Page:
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Springfield Little Theatre Returns Home to the Landers for Disney's "The Little Mermaid Jr."

(Poster design courtesy Springfield Little Theatre)

Springfield Little Theatre Executive Director Beth Domann and Assistant Choreographer Emme Mauzey joined us on “Arts News” to discuss LT’s upcoming production of Disney's "The Little Mermaid Junior," March 21-April 7 at the Landers Theatre, 311 E. Walnut.

It’s the familiar tale, adapted from the beloved Hans Christian Andersen story, of the young mermaid Ariel and her many aquatic friends.  Based on the popular Disney animated film, this stage version of “Little Mermaid” is a “Junior” production: that means the cast consists of students ages 18 and under, and the show is pared down a bit in running length to make it perfect for family audiences, with a run time of about an hour and fifteen minutes. Josh Inman has both directed and choreographed the show, but Emme Mauzey has made numerous contributions.

“We do a lot of ‘cleaning,’” she says, “a lot of putting together the different pieces.  And we split up into groups a lot, so I get to work with different groups (of performers).  Just fix everything that needs to be fixed, and step in when I need to.”  She works with anything from a group of 12 up to the entire cast. The “Junior” productions tend to showcase large casts of young 18-and-under performers.  This show has a cast of 82. As Beth Domann says, “Go big or go home, man!”  There are a LOT of fish in the sea, after all….

LT’s resident choreographer Lorianne Dunn trained this show’s director Josh Inman, and Emme Mauzey is also one of Lorianne’s “kids,” says LT Executive Director Beth Domann. “Last night (Emme) finished up an entire number by herself. She does incredible work. It’s nice to have her around.”

Emme Mauzey notes that the stage version doesn’t simply duplicate the animated film. “It’s the same story that we all know from the animated version--with a bunch of added songs and dances, and bubbles and fun lights and all that stuff. So it’s just a really fun experience.” Beth Domann praises the youth cast as “amazing,” and praises the work of scenic designer Chuck Rogers and lighting designer Jamie Bower.  “It’s a good time—it’s just a good show to come and hang out and have a good time.”  Over the lengthy production period there is no double-casting, although the understudy for Ariel will have the chance to do a few performances.

And Beth Domann is quick to point out that this is LT’s first show back in the Landers after many months of renovations. “We started this summer doing the outside, then they started in December, right after the Ballet (“Nutcracker”) closed.  They (renovation firm MTS Contractors) shut down three weeks earlier than they thought they would. So they went in and, man, they got it done! They just finished tuck-pointing the inside of the stage house. So now it’s really warm… and there’s no wind blowing through it!” Draftiness has long been an issue inside the theater, as has a colony of bats that has shared the stage area with performers and staff for many years. “The bats are out for good,” Domann assures us… though both she and Mauzey say they’re “going to miss them(!). They were part of the family.  Those high notes, man, they come out.” One or more bats have even landed on one actress onstage, but we shouldn’t be seeing that sort of thing anymore at the Landers.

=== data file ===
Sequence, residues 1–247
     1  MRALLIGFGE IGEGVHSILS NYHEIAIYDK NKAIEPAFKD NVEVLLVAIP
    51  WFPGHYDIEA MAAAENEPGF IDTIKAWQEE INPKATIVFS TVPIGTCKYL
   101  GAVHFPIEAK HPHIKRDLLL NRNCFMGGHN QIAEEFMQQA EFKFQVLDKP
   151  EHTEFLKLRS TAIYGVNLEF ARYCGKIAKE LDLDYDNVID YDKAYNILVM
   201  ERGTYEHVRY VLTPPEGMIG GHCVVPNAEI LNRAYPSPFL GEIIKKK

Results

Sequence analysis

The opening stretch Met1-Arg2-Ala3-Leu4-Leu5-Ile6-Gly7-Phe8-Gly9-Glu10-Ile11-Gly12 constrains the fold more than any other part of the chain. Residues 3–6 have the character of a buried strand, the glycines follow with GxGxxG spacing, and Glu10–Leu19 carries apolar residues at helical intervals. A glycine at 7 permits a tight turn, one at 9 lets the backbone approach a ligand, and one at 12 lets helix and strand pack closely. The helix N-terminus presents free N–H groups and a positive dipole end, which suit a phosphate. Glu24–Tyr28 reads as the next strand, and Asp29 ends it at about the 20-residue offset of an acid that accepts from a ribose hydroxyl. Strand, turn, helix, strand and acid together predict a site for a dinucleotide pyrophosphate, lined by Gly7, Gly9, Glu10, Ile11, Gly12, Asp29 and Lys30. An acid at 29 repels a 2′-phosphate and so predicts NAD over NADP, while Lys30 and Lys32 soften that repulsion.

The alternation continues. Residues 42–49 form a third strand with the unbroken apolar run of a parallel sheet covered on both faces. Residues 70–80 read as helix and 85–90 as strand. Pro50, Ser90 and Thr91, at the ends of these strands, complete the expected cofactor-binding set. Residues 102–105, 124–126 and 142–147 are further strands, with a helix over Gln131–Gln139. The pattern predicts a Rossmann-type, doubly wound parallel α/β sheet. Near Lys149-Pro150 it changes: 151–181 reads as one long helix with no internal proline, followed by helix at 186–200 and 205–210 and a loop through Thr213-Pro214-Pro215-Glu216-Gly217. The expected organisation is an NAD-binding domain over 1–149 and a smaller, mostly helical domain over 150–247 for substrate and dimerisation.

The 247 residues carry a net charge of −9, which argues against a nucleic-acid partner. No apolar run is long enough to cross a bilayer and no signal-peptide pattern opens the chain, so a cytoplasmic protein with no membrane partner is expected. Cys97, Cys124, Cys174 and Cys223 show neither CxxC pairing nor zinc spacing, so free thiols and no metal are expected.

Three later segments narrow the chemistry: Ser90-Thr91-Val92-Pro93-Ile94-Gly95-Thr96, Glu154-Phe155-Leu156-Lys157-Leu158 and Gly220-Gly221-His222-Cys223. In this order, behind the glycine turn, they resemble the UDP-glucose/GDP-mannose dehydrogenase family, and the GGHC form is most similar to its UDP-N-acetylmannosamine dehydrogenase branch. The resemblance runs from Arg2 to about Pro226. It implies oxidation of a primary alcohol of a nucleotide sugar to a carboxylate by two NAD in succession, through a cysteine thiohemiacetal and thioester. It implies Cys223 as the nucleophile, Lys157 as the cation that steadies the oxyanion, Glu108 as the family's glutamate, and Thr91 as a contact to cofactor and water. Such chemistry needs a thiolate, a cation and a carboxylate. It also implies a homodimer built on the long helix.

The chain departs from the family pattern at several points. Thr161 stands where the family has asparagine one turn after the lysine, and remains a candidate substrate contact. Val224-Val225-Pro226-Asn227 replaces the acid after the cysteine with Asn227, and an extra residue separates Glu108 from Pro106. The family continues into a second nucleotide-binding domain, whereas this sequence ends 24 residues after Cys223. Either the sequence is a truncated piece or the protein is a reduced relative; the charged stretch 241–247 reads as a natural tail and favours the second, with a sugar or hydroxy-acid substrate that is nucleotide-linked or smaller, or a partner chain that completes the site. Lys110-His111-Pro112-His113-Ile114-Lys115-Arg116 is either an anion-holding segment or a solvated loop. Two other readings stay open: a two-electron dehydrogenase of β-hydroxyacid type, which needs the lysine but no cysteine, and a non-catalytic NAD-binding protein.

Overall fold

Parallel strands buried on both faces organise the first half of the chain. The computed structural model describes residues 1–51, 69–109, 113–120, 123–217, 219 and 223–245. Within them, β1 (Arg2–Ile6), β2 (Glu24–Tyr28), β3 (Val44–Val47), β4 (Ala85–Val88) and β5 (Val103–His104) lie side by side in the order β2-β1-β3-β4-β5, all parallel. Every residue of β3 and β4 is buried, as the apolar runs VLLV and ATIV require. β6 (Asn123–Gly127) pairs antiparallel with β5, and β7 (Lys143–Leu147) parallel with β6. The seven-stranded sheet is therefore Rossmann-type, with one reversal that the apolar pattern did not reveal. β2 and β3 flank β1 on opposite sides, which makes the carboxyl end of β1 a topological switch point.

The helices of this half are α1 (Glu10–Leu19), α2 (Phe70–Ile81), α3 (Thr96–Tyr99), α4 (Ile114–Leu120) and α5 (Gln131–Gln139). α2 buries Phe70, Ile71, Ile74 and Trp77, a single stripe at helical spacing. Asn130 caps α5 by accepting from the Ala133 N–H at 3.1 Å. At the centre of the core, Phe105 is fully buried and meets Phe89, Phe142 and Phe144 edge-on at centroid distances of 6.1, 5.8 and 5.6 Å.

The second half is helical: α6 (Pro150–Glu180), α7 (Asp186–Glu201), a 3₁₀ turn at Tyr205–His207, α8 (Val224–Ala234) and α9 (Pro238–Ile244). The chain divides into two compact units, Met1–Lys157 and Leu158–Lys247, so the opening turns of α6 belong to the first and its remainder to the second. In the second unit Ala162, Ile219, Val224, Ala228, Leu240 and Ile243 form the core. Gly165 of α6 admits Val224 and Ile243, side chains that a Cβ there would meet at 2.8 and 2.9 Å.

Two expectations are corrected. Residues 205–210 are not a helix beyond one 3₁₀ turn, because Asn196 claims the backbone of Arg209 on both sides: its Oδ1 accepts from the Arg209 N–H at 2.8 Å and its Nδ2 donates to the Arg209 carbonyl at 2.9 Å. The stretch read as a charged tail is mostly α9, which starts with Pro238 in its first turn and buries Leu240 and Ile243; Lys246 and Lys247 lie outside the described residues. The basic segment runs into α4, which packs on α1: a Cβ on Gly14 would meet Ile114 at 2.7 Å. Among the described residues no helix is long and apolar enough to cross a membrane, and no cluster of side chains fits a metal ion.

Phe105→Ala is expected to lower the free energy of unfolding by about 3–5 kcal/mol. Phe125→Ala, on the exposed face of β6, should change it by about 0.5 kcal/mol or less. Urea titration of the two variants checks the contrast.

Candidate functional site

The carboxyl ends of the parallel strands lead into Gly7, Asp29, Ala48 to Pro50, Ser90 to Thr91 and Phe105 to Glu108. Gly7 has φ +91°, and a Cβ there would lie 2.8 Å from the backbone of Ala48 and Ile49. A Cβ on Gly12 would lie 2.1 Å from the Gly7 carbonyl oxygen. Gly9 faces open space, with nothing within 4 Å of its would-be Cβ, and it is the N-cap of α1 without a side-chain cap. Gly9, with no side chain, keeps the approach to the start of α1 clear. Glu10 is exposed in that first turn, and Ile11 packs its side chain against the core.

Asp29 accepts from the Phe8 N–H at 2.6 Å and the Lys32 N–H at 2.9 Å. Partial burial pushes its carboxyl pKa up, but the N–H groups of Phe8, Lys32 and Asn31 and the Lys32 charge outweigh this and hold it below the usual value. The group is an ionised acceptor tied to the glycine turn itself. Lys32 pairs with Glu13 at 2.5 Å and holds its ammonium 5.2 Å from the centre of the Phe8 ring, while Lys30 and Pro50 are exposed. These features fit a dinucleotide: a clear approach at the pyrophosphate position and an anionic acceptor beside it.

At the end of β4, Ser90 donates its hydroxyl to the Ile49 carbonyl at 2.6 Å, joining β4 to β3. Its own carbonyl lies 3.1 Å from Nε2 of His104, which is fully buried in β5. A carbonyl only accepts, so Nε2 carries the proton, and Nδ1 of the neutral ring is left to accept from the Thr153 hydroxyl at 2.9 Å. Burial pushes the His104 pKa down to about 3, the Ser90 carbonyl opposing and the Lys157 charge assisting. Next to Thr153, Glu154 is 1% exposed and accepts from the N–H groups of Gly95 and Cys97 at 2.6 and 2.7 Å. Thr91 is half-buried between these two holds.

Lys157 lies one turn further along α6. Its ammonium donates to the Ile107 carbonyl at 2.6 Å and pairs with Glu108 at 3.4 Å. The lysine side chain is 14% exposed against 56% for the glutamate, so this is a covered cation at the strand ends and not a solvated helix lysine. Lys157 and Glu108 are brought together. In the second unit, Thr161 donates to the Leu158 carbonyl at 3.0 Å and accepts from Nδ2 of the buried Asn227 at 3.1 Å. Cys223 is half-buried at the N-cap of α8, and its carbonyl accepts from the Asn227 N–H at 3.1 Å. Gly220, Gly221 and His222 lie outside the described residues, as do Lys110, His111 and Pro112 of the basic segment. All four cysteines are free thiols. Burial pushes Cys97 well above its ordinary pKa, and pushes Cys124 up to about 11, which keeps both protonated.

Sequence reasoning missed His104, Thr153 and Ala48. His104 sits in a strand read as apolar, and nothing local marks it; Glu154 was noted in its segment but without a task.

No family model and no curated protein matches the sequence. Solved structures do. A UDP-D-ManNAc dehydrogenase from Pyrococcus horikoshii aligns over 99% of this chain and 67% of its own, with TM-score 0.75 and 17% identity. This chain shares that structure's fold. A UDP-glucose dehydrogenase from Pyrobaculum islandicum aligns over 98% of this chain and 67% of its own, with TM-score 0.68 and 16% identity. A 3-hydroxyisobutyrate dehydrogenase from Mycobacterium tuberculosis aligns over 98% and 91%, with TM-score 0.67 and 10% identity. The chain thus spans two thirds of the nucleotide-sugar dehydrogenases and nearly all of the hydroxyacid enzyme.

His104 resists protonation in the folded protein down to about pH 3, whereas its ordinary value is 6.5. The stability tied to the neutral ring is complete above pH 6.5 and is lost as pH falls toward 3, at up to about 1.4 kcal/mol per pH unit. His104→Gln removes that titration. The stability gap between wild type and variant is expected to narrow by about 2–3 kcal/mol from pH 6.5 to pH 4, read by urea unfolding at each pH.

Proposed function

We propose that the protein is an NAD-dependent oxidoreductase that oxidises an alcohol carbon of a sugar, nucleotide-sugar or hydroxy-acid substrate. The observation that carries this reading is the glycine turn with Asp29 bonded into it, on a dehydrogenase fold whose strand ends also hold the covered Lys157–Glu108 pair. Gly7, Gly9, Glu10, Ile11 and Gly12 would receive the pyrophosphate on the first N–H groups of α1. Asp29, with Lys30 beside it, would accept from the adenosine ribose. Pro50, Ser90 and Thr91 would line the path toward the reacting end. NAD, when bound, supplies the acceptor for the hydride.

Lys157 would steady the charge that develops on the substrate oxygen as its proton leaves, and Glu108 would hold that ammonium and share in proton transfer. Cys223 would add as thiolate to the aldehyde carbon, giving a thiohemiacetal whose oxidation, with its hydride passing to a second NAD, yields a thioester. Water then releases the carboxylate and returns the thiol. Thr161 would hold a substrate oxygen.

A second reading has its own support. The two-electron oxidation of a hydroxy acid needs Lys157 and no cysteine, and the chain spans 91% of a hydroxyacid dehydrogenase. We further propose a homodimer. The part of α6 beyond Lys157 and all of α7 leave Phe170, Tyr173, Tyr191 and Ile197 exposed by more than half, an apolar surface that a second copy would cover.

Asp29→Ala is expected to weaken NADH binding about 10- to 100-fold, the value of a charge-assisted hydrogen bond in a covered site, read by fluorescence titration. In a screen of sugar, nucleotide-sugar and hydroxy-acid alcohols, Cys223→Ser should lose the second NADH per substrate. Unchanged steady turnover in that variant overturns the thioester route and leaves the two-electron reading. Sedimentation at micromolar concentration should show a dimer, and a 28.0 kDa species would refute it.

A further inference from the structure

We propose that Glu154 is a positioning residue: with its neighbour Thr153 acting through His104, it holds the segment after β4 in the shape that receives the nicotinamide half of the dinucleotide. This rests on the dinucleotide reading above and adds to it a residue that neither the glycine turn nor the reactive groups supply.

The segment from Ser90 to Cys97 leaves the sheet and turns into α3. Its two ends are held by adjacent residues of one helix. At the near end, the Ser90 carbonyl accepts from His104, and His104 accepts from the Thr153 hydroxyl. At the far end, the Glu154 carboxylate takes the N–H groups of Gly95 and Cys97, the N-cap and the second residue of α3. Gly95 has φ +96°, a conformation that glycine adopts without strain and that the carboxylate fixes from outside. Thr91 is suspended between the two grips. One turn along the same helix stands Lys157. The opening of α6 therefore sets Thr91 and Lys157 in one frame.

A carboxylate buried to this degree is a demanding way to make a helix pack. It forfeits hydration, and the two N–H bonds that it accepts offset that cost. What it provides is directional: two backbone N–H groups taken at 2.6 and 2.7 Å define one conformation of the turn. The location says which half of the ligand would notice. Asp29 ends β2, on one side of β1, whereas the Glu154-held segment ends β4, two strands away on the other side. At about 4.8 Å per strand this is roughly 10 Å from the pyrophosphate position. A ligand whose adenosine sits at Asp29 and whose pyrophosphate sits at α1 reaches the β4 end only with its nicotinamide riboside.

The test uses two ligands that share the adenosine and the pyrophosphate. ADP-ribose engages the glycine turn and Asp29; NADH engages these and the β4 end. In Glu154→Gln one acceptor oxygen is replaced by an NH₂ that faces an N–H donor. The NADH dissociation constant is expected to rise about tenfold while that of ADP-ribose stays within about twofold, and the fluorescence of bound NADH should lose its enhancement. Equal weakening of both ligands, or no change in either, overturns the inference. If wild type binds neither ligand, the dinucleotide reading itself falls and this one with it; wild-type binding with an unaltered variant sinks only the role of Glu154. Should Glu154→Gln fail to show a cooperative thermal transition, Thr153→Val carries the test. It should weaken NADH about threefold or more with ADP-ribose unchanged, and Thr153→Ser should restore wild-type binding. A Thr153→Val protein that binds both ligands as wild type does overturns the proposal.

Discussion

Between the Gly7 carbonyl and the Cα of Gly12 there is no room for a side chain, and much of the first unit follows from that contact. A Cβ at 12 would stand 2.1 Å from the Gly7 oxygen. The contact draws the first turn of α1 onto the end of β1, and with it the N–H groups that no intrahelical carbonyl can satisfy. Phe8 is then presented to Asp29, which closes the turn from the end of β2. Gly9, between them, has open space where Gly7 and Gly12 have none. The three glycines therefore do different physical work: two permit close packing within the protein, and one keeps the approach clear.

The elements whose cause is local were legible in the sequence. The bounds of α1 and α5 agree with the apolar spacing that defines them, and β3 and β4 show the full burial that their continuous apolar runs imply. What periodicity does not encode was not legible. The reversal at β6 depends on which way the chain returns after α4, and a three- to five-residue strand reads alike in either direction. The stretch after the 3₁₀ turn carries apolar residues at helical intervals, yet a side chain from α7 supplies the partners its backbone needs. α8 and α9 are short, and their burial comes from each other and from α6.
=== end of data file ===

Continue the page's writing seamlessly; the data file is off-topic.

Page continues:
So Landers audiences will now get to see (and feel) the work that’s been done inside the theater. Renovations and cleanup were already obvious to anyone driving by the theater on East Walnut. “Isn’t it amazing?” asks Domann. “And our sidewalk—all that ice that happened? Beautiful, ‘cause it’s heated!” The company’s website,, features video taken backstage during and following renovations. “To see it with nothing in it was really trippy,” says Beth Domann.  You forget—here’s this beautiful building, and there’s no steel in it—it’s all brick.  The building’s 110 years old, so there was lots to do. We’ve fixed all the water-infiltration problems, which is huge. So now the weather can’t get in and blow in from everywhere. But there’s still more to do. Some new windows would be nice… I have mine, in my office, duct-taped,” she laughs, “so the winds can’t come in as badly. But, you know, it’s all part of the charm.”  Renovation of the upstairs offices in the Landers building is a project for another day. 

While Little Theatre couldn’t perform in the Landers, the box office and the upper floors have certainly been open for business.  Except for the very first rehearsal or two of “Disney’s The Little Mermaid Jr.,” the ensemble has been able to rehearse in their usual space up on the fourth floor of the Landers.

Performances at the Landers will be Thursdays thru Saturdays at 7:30pm, with Saturday and Sunday matinees at 2:00pm.  Tickets range from $16-$27. For tickets, call the Little Theatre box office at 860-1334 for visit

Randy Stewart joined the full-time KSMU staff in June 1978 after working part-time as a student announcer/producer for two years. His job has evolved from Music Director in the early days to encompassing production of a wide range of arts-related programming and features for KSMU, including the online and Friday morning Arts News. Stewart assists volunteer producers John Darkhorse (Route 66 Blues Express), Lee Worman (The Gold Ring), and Emily Higgins (The Mulberry Tree) with the production of their programs. He's also become the de facto "Voice of KSMU" in recent years due to the many hours per day he’s heard doing local station breaks. Stewart’s record of service on behalf of the Springfield arts community earned him the Springfield Regional Arts Council's Ozzie Award in 2006.